Frankly I could write a book about the city of Freiburg and how it has tried to deal with the Heidegger scandal, the whole Nazi past. There are powerful Freiburg families some affiliated with the university who have swept a lot under the rug in part because many members of these families were enthusiastic Nazis themselves. There were so many records and documents destroyed or stolen from the university archives, libraries, etc. Hugo Ott told me that many times files would be missing in the archive, yet he knew which families had taken them and he was able to get some of his information through these kinds of unofficial back channels. Anger, resentment, guilt and shame are alive and well among many in Freiburg. 60 plus years after the end of World War II, my film presentation and post film discussion at Freiburg University showed only too clearly how just below the surface these emotions are still boiling. I was surprised to see the vindictive, angry and sometimes out of control verbal attacks between the different camps in an audience of over 400 people. One man got so angry he left the Aula screaming and the audience applauded his exit. I have attended many academic conferences, film showings, etc and never experienced what I did in Freiburg. The response was so great that I was invited back to show the film again to an even larger audience on Oct. 21. Hermann brought more friends and allies and the discussion was just as lively as the first. Sorry, I begin to ramble. I have so many stories and anecdotes to tell from the many years I spent making my film. I interviewed over 25 people, each interview 2 to 3 hours long. I am now in discussion with a publisher about writing a book which would include all the interviews unedited with hundreds of photographs.
… I was an enthusiastic Heideggerian as a young man, but I have to tell you that based upon the interviews I have in my film and the research that I have done, I find it difficult to see Heidegger in a positive light. I know that you and many other excellent scholars have found Emmanuel Faye’s book to be shoddy, terrible, and down right bad scholarship…. I have recently finished reading it and I find it quite disturbing. Faye is also in my film and although one may find my film one-sided, no one can deny that the film is a good jumping off place to intense discussion of Heidegger and his thought.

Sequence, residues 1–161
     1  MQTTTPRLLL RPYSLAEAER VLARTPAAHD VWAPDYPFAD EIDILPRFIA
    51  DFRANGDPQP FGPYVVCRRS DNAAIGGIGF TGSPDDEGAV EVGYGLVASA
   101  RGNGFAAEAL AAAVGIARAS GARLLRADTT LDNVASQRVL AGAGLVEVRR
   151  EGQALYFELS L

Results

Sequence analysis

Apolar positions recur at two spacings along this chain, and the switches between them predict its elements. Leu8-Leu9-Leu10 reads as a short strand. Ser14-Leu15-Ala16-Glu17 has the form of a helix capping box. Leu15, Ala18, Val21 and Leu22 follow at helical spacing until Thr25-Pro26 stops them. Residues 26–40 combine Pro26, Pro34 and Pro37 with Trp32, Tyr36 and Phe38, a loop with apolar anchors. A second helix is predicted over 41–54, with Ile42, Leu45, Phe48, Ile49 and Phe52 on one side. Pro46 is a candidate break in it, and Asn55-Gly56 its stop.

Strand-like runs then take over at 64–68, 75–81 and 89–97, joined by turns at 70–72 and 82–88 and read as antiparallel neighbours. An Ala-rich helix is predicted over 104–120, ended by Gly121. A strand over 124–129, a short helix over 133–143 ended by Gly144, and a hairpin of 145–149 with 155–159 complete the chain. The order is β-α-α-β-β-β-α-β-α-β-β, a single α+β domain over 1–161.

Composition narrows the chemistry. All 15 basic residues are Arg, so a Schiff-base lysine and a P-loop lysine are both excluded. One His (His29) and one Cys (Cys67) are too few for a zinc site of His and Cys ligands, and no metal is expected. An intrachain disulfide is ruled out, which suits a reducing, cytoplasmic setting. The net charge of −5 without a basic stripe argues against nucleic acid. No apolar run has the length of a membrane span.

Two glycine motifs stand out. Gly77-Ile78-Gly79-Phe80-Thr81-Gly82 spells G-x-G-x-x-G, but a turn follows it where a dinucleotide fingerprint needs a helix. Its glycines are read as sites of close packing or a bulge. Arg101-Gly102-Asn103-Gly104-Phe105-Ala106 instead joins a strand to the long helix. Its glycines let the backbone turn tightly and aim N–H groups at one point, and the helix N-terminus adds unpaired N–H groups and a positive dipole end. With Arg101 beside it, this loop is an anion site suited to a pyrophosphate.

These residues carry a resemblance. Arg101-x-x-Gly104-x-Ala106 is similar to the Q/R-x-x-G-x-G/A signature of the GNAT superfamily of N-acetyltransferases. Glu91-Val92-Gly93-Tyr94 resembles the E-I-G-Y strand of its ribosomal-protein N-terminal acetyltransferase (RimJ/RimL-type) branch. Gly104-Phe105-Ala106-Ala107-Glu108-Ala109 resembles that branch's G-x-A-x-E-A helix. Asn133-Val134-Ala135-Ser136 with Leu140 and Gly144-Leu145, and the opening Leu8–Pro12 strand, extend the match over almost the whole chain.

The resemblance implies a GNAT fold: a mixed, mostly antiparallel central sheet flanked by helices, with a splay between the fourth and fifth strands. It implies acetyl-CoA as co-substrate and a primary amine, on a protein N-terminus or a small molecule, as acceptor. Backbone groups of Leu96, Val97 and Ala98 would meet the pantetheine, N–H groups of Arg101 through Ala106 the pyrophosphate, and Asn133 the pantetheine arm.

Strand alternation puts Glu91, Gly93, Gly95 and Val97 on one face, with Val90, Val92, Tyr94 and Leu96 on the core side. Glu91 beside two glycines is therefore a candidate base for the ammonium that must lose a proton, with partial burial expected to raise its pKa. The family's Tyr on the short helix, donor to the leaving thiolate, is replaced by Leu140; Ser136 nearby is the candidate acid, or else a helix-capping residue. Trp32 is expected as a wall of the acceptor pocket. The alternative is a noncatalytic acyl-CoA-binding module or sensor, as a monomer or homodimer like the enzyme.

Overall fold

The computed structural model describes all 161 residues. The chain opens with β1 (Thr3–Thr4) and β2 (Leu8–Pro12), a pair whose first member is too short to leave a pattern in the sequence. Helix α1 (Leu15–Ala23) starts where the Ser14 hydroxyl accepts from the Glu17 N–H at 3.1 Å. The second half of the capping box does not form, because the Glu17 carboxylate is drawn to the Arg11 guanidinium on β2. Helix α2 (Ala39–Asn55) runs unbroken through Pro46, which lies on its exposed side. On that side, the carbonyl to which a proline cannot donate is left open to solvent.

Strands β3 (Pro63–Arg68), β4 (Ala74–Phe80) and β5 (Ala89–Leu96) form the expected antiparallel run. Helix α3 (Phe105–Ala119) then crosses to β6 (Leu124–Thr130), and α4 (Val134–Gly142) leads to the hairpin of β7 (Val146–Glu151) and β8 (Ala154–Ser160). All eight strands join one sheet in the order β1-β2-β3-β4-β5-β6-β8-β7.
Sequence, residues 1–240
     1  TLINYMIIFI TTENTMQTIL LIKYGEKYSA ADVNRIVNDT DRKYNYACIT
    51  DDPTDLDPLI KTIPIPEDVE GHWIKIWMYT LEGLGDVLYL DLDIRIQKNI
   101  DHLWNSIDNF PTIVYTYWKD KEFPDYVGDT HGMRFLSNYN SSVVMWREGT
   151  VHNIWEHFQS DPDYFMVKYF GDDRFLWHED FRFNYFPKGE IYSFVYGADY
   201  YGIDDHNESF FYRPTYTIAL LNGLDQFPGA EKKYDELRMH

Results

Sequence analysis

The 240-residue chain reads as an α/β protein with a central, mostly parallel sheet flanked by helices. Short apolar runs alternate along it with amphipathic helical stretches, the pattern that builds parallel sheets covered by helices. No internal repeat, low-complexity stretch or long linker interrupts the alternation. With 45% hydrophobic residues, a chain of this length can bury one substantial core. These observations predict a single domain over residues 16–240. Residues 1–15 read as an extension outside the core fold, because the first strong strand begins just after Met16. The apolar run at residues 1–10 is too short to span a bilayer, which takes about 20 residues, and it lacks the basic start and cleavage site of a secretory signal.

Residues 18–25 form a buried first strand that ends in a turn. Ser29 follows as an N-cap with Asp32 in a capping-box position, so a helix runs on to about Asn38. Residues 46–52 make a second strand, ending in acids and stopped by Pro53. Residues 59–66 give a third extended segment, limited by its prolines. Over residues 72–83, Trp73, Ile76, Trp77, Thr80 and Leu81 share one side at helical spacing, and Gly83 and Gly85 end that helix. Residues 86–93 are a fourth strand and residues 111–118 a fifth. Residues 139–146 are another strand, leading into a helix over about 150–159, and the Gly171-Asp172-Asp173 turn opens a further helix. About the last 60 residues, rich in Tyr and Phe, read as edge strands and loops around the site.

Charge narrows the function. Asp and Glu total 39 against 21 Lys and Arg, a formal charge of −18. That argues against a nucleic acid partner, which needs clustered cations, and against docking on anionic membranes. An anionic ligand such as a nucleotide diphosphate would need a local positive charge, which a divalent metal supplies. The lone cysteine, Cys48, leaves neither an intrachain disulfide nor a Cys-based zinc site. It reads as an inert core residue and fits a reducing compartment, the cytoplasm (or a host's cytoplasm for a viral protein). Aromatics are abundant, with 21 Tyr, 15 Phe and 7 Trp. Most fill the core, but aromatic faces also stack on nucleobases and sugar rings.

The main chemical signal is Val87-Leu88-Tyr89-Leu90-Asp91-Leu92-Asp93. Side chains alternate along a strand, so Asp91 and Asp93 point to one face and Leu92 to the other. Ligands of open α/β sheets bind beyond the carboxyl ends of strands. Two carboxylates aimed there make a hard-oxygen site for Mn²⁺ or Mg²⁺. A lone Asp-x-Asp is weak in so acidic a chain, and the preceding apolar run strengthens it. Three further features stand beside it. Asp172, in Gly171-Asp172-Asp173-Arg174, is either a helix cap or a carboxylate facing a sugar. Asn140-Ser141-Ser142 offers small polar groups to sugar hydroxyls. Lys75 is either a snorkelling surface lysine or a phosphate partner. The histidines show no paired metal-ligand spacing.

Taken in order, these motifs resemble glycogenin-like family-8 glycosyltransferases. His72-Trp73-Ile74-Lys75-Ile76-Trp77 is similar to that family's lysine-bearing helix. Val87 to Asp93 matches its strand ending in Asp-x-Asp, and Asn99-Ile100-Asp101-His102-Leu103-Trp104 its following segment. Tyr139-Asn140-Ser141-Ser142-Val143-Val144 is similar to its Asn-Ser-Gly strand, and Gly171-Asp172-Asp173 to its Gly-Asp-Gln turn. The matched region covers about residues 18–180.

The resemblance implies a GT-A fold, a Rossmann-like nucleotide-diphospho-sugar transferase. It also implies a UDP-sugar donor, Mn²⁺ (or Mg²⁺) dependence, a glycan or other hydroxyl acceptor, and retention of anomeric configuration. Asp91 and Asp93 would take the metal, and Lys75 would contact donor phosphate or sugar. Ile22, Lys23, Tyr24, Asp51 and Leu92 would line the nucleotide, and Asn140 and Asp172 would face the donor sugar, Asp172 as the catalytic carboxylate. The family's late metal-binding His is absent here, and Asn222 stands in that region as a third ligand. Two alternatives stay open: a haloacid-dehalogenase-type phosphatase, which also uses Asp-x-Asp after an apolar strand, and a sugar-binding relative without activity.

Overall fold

I woke up this morning with an odd tweet in my head: Just about everything in the universe is bigger than we are.
I didn’t tweet it because it’s false: There’s an awful lot of dust in the universe. But I was pleasantly surprised to find (via Leiter Reports) an op-ed in the Wall Street Journal, by Samuel Newlands, sort of on that topic. It’s about Haiti, Leibniz, and the problem of evil.
The problem of evil is the philosophical way of referring to the fact that an awful lot of bad sh*t happens to innocent people for a world supposedly watched over by a benevolent deity. Traditionally, there are a number of ways to resolve the problem. You can say that people get what they deserve, so that what looks unfair in fact is not. That’s a little hard to square with the death of babies, but people have certainly tried. Then there are the big three properties of G-d: All powerful, all knowing, all loving. Take away one of those three, and you can explain why bad things happen to good people: G-d is powerless to prevent it (Leibniz’s answer, in a clever form), G-d can’t predict it, or G-d just doesn’t care.
If I were to believe in a god, I think the only one I could muster up any loyalty to would be one who created us but not the universe. The Earth looked like a good place to plant us, so the Deity set us down carefully, gave us some useful texts to get us started, and then left us on our own.
Beyond that, it’s a mystery to me. But, then, it’s supposed to be a mystery. After all, most of the universe is bigger than we are.
Julie Cohen is giving a Berkman lunch on “configuring the networked self.” She’s working on a book that “explores the effects of expanding copyright, pervasive surveillance, and the increasingly opaque design of network architectures in the emerging networked information society.” She’s going to talk about a chapter that “argues that “access to knowledge” is a necessary but insufficient condition for human flourishing, and adds two additional conditions.” (Quotes are from the Berkman site.) [NOTE: Ethan Zuckerman’s far superior livebloggage is here.]
NOTE: Live-blogging. Getting things wrong. Missing points. Omitting key information. Introducing artificial choppiness. Over-emphasizing small matters. Paraphrasing badly. Not running a spellpchecker. Mangling other people’s ideas and words. You are warned, people.